The most public connection between Frank Lloyd Wright and Cranbrook were the lectures he delivered at the Academy of Art in 1935, 1937, and 1945. Transcripts or recordings of these lectures unfortunately do not survive, but one student recalled Wright’s 1945 speech imploring the young artists to “Work, work, work—night and day!”
Wright and Eliel Saarinen, architect and founding President of the Academy, were both international leaders in modern architecture and greatly respected each other’s works. In 1931, Saarinen and Wright served as two judges for the Columbus Memorial Lighthouse Competition in Rio de Janeiro—Wright representing North America and Saarinen representing Europe. Saarinen’s work of the early 1930s at Kingswood is deeply indebted to Wright’s Prairie Style. In 1935, Loja Saarinen would receive a commission from Wright to weave the textiles for the office of Edgar J. Kaufmann, installed in Kaufmann’s Pittsburgh department store.
The Academy’s Director of the Department of Sculpture from 1931 to 1951, Carl Milles, was also friendly with Wright. Wright wrote in his own autobiography of 1943 that “Carl is a sculptor—probably the greatest” and observed that Milles “was the power behind the throne at Cranbrook.” Wright also expressed an interest in having Milles’s collection of Greek and Roman sculpture come to Taliesin.
Further Cranbrook connections with Wright include a visit with him in the fall of 1941, when Richard Raseman (the Academy of Art’s Executive Secretary from 1932 to 1943) traveled to Wright’s winter home and studio, Taliesin West, in Scottsdale, Arizona. In beautiful photographs, now a part of the Cranbrook Archives, he captured the balance Wright achieved between the desert landscape and architecture.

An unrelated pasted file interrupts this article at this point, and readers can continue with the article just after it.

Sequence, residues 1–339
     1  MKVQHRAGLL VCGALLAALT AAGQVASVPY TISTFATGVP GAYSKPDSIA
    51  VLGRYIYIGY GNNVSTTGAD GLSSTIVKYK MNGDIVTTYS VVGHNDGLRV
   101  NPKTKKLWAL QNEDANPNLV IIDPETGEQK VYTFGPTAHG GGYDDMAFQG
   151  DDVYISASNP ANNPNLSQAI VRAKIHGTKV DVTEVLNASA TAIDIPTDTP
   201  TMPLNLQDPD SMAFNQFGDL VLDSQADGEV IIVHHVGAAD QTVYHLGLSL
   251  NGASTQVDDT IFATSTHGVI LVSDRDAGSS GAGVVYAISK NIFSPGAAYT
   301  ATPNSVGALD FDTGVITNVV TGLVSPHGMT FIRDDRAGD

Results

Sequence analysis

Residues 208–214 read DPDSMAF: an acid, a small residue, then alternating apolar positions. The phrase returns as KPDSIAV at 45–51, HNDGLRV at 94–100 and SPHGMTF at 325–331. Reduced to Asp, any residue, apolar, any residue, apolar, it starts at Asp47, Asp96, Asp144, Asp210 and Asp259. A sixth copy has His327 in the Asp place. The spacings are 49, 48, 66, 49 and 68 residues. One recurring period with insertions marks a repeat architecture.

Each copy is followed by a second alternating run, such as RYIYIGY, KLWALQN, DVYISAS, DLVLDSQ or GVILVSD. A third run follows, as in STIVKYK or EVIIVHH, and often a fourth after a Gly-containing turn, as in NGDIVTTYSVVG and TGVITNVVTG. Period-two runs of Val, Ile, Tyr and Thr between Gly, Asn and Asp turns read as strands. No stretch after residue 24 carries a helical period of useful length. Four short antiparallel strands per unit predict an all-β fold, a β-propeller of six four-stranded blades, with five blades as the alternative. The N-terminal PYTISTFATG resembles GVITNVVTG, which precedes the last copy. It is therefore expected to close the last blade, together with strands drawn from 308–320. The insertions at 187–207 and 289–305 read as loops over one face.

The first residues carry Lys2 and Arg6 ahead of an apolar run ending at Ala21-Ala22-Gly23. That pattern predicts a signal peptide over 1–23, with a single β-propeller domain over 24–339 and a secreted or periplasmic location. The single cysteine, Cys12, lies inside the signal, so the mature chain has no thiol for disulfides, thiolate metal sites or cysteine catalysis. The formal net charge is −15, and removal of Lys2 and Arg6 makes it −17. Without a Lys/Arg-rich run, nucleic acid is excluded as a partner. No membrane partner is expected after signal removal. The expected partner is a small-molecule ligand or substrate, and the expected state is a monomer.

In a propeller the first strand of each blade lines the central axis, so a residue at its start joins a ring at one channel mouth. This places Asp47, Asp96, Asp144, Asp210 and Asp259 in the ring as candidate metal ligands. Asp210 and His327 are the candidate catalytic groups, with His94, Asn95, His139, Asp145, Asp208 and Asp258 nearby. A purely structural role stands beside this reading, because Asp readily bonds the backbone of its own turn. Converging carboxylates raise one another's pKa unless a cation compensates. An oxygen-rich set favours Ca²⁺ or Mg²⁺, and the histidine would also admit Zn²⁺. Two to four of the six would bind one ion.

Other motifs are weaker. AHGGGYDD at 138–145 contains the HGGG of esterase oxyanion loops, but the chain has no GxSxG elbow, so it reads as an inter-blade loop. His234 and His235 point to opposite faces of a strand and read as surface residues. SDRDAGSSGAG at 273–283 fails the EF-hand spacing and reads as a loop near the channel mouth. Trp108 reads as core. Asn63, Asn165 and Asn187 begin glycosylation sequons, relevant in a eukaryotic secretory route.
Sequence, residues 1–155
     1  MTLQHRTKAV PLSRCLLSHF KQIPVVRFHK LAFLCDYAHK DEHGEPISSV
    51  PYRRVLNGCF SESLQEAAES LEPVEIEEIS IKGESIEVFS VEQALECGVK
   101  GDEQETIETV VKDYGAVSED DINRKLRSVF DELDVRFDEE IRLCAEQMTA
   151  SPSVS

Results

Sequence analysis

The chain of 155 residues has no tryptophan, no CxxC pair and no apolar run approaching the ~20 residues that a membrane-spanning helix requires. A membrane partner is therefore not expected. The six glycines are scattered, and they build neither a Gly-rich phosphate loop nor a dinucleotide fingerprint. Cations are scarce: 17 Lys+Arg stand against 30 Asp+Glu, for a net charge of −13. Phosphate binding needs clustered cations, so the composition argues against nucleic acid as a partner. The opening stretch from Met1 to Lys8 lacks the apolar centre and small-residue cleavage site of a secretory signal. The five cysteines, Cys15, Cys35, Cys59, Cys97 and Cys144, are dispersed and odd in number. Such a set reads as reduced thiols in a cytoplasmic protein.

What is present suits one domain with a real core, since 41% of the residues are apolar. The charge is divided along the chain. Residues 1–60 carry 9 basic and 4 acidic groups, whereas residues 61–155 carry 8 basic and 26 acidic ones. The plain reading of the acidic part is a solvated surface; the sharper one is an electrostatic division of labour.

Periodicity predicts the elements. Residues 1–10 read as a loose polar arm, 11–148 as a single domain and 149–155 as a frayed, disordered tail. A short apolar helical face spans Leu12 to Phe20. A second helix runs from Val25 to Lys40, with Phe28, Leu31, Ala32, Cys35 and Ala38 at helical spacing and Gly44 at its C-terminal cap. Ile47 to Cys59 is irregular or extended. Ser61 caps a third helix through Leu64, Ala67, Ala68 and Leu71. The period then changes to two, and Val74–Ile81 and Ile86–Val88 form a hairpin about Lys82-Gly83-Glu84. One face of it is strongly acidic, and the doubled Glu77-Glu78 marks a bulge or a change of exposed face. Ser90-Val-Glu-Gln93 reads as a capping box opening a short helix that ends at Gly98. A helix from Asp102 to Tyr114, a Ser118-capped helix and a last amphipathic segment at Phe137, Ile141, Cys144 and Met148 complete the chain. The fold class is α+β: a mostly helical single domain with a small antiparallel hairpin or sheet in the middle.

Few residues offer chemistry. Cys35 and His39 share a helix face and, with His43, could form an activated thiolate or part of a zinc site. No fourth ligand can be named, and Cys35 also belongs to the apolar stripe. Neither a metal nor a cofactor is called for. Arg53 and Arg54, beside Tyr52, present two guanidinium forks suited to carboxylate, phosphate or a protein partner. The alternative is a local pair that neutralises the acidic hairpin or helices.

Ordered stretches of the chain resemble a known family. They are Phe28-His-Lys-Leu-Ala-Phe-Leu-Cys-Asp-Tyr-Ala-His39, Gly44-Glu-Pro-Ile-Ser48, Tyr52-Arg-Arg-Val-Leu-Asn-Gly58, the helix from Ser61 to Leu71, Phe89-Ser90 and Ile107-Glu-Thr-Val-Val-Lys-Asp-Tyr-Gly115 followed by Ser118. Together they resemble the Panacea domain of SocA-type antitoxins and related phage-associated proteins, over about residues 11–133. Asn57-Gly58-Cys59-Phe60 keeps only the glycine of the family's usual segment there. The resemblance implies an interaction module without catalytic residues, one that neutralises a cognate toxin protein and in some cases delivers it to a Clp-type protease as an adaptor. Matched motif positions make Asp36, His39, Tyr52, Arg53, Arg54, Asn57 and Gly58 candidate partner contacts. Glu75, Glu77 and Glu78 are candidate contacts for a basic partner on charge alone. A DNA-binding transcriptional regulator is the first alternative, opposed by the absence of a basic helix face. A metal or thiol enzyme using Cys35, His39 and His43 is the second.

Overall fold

Around the same time, Cranbrook graduate Edna Vogel (CAA MFA ’43, Ceramics and Weaving) travelled to Wright’s home in Wisconsin to discuss her production of weavings for the Gregor Affleck House, completed in 1941 just north of Cranbrook’s campus. Wright was so impressed with Vogel’s work that he invited her to stay on at Taliesin as a weaver and ceramicist. She declined, however, and returned to complete her studies at the Academy.
The Afflecks, too, had Cranbrook connections. Gregor Affleck, a chemical engineer, and his wife Elizabeth acquired works by Cranbrook artists and hosted many Cranbrook faculty and students at their nearby Wright home. Elizabeth took ceramic coursework with Maija Grotell during the 1942 academic year, while their son, Gregor Jr., studied painting, design and modeling at the Academy from 1944 to 1945.
After Eliel Saarinen’s death in 1950 and Milles’s departure in 1951, Wright did not return to Cranbrook’s campus. He did, however, accept invitations to lecture in Detroit in 1951, 1953, and 1957, and on each occasion, he visited the Smith House.
Kevin Adkisson, 2016-2018 Collections Fellow
Cranbrook Center for Collections and Research October 2017
PHOTO CREDITS (FROM TOP TO BOTTOM)
Haefner, James. Interior of Smith House. 2017. Cranbrook Center for Collections and Research, Bloomfield Hills.
Croze, Harvey. Carl Milles, Frank Lloyd Wright, and Eliel Saarinen on the steps of Milles House on Cranbrook’s Academy Way. March 1945. Courtesy Cranbrook Archives, Cranbrook Center for Collections and Research, Bloomfield Hills.
Raseman, Richard. View of Fellowship Apartments and Guest Deck at Frank Lloyd Wright’s Taliesin West in Scottsdale, Arizona. Fall 1941. Courtesy Cranbrook Archives, Cranbrook Center for Collections and Research, Bloomfield Hills.